Why all the fiscal adjustment measures? Why all the downgrades and loss of investor confidence?
    What do you expect when a government is allowed to print money (local currency) without a corresponding output in earning capacity (aka foreign exchange earnings not borrowings). What do you expect when the DLP government increased the national debt by almost 100% since 2008 without its being able to manage effectively the fiscal deficit on current account?
    Yes Clone, just like ac & Co, see the people as jackasses that can’t think for themselves by saying the national debt increased to $10 billion in less than 7 years because the present DLP administration had to borrow money to pay the debts incurred by the previous Arthur administration. Yes Clone, invent another form of arithmetic which says: $5 billion from $5 billion equals $10 billion in debt.

    Of course you would argue that it is not a case of people (especially investors) not having confidence in the present lying DLP administration with its monkey handling gun chief, but it is a mere situation where the credit rating agencies and the IMF just do not like the DLP administration and poor Barbados; with those foreigners envious of the country’s high standard of living aka HDI (which has dropped in real terms compared to 1992). What’s more, if the citizens show discomfort or opposition to the present administration they are just whingeing pompous BLP yard-fowls, no more, no less, pure and simple; and worthy of their heads being cracked and shot if necessary.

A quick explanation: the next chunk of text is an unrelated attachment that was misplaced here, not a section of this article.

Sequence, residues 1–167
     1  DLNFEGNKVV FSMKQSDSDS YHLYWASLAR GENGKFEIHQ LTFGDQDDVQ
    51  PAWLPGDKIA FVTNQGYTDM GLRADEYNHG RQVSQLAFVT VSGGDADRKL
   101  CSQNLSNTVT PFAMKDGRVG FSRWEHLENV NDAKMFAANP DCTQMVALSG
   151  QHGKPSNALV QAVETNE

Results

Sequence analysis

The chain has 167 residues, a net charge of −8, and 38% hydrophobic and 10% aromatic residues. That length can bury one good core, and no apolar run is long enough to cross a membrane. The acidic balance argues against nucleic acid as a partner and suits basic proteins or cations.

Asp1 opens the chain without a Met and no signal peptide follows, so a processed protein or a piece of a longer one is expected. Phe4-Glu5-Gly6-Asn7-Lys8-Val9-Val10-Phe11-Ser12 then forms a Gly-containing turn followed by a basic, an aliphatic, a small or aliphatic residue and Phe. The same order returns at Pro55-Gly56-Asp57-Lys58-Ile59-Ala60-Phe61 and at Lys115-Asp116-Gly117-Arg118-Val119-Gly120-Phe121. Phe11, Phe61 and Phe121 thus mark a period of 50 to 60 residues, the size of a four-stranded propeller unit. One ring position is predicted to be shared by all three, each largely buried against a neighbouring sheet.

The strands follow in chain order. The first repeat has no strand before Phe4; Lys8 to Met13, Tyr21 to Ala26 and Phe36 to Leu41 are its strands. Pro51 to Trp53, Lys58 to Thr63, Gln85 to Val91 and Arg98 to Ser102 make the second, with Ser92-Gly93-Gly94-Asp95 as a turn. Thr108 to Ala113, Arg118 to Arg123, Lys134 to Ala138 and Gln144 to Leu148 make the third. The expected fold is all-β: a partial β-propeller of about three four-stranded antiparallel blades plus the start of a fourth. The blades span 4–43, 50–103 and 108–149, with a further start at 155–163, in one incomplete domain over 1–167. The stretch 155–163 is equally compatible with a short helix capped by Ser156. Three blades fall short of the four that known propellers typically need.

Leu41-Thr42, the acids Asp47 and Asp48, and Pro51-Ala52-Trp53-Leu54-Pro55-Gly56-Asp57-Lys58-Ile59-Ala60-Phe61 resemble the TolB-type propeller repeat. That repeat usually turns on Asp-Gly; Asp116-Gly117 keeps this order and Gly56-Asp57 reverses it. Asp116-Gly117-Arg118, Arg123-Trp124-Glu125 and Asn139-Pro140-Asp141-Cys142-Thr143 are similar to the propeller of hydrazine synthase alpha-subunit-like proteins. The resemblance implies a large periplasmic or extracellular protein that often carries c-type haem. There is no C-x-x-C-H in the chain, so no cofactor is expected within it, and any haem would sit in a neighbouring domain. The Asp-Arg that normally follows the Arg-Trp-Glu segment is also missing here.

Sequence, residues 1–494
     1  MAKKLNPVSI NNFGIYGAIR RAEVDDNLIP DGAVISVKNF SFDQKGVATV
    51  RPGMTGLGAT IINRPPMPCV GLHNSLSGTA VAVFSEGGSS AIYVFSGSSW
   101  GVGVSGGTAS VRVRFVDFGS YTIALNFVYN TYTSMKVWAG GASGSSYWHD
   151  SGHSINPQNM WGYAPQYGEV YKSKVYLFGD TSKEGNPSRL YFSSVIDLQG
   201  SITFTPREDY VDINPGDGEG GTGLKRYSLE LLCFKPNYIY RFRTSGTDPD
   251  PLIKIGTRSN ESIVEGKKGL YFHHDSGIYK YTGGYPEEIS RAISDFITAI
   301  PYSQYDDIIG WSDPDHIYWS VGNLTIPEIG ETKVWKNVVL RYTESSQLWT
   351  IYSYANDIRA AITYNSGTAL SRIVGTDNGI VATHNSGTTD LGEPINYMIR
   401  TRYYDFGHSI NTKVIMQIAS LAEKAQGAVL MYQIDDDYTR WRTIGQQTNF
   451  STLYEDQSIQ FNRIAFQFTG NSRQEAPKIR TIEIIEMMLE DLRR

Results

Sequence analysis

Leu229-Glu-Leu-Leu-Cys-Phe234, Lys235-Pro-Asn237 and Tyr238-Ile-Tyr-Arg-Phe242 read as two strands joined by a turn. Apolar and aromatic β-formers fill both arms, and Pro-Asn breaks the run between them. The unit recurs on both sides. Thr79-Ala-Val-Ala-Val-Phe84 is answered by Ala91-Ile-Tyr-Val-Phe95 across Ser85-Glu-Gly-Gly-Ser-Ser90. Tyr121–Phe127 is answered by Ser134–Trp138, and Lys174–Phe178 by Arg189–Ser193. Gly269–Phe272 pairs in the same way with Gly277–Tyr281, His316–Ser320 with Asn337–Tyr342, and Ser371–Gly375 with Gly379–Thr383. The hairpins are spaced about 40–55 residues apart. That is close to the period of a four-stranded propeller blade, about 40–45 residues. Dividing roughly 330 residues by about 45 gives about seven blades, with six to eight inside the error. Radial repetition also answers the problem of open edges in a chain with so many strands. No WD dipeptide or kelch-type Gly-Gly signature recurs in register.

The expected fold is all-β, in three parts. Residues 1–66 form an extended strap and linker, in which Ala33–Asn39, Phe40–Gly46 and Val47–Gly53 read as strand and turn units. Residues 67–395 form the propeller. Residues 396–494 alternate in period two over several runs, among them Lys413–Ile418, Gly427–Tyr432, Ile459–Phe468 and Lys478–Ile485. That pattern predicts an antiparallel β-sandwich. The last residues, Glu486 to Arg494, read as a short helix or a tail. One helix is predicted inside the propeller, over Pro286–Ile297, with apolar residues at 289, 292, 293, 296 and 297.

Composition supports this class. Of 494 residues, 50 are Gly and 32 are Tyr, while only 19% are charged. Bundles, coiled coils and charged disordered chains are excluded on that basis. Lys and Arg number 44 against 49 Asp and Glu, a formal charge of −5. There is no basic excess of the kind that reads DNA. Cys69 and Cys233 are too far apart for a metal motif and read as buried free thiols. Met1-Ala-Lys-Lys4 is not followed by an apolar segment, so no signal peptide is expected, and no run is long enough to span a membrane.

Even Dr. Estwick, in your eyes, is a bloody jackass and madman for kicking against the DLP prick. It would be interesting if you guys would continue to grossly disrespect the goodly doctor with his UAE debt restructuring plan and opt for the ill-advised loan shark recolonisation by financial privaterring plan.

    But I will end like Artaxerxes@ December 24, 2014 at 1:59 PM:
    “If know the “grinches get on BU and whine all day and night”, perhaps it would be best if you stop visiting this blog and read the DLP web-site instead.
    Merry Christmas”.

  43. “You simply do not know what is suffering in a bajan context.”

    I aint so sure the author of this sentence knows the meaning of the word CONTEXT because he/she is contradicting his/her opening argument– Barbados is better off than other Caribbean states therefore there was no suffering. To contextualise suffering, would be to examine conditions in Barbados pre-2008 and now.

    Anyhoooo, Merry Christmas.